verb (used without object), sniv·eled, sniv·el·ing or (especially British) sniv·elled, sniv·el·ling.
verb (used with object), sniv·eled, sniv·el·ing or (especially British) sniv·elled, sniv·el·ling.
Origin of snivel
Related Words for sniveledgripe, whimper, whine, groan, shine, sob, sniff, blubber, weep, complain, fret, sniffle
Examples from the Web for sniveled
Historical Examples of sniveled
If he exists, he has assumed a less offensive form than when he ate muffins and sniveled inanity in Mrs. Snagsby's back room.Caricature and Other Comic Art
"Honestly, I didn't think it would kill anything but ragweed," Henry sniveled miserably.Henry Horn's X-Ray Eye Glasses
Dwight V. Swain
She may have sniveled a good deal, but she was capable of loving some one else better than herself.Atlantic Classics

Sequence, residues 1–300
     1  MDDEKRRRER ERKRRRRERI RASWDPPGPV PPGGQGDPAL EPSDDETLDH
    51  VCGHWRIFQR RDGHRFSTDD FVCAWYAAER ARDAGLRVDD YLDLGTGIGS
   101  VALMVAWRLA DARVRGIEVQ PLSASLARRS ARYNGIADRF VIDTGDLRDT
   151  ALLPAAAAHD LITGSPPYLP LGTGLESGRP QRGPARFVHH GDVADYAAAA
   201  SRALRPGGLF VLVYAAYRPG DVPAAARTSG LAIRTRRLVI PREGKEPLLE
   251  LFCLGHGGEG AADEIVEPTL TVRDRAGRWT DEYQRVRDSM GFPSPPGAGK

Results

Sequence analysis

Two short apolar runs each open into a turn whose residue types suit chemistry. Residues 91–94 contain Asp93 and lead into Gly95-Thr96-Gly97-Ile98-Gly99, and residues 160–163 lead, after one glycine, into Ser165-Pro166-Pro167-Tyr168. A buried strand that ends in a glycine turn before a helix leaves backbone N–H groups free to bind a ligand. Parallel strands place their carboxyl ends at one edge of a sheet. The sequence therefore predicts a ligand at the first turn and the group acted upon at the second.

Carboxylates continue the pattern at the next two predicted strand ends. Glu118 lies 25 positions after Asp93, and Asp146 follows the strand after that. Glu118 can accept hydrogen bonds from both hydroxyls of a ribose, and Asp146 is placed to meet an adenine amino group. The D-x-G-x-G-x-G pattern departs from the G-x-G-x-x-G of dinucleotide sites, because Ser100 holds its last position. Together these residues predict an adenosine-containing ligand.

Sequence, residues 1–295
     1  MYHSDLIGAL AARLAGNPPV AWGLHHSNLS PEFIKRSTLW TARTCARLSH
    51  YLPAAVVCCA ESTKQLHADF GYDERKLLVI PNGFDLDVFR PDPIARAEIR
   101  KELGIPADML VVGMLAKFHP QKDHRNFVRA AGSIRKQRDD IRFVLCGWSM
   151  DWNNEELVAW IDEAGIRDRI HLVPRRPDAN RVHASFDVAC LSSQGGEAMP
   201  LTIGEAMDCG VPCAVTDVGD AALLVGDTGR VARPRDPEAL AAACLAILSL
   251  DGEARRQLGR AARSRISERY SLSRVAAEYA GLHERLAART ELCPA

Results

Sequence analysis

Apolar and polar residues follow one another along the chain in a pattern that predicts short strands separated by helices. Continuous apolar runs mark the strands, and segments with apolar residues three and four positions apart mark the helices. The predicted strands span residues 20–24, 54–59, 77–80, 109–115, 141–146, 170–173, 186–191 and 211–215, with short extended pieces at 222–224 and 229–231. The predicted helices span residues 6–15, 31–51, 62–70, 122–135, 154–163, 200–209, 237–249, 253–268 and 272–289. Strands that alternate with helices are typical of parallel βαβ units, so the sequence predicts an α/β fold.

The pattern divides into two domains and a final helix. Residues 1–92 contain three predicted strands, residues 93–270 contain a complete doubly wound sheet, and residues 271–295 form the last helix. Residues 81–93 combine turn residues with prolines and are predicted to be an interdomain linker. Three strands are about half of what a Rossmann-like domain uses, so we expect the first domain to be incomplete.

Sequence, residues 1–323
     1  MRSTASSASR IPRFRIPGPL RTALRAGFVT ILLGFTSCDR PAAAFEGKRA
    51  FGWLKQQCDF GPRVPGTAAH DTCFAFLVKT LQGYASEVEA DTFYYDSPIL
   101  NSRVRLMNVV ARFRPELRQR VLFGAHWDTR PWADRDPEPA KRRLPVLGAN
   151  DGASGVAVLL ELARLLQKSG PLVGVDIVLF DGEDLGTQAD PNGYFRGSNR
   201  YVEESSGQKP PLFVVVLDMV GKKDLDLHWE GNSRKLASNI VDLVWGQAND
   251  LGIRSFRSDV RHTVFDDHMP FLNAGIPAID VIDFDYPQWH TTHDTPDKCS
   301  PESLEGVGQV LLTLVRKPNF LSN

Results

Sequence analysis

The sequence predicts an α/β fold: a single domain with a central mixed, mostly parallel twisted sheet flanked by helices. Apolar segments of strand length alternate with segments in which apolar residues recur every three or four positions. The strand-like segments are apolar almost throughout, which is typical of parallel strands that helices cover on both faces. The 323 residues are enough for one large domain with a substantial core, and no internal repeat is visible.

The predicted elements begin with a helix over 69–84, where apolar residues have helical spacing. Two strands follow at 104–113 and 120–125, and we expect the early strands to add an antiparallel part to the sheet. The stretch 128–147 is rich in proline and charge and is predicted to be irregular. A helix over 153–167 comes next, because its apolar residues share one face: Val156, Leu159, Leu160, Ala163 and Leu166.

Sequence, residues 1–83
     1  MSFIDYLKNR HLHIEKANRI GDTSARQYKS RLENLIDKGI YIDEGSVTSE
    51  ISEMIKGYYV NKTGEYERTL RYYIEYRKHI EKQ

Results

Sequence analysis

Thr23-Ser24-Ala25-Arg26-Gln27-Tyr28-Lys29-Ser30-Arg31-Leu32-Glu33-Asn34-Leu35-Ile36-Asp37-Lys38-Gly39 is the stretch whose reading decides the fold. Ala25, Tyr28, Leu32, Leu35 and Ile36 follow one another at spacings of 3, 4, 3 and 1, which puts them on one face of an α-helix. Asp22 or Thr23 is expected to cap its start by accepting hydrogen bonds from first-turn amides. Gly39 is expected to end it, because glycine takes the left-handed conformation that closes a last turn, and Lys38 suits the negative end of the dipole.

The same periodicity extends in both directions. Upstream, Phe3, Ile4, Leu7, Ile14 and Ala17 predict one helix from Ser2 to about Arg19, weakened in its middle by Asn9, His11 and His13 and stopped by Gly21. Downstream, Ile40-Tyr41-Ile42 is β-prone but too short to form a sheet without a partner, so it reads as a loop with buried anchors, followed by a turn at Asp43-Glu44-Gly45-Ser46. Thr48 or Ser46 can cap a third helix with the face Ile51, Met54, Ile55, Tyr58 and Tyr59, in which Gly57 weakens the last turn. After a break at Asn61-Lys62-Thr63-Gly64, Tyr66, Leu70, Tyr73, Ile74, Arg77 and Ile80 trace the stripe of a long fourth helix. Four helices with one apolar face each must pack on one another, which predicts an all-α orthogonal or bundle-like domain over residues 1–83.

Part of the time I sniveled and part of the time Allie sniveled, and once or twice we were all three all balled up in our throats.At Good Old Siwash
Brent sank weakly into his chair and began to whimper: "I'm as good a man as I ever was," he sniveled.Snowdrift
James B. Hendryx
verb -els, -elling or -elled or US -els, -eling or -eled
Word Origin for snivel
Old English *snyflan "to run at the nose" (cf. snyflung "running of the nose"), related to snofl "nasal mucus;" see snout. Meaning "to be in an (affected) tearful state" is from 1680s. Related: Snivelled; snivelling. As a noun from 14c. Melville coined snivelization (1849). Middle English had contemptuous term snivelard (n.).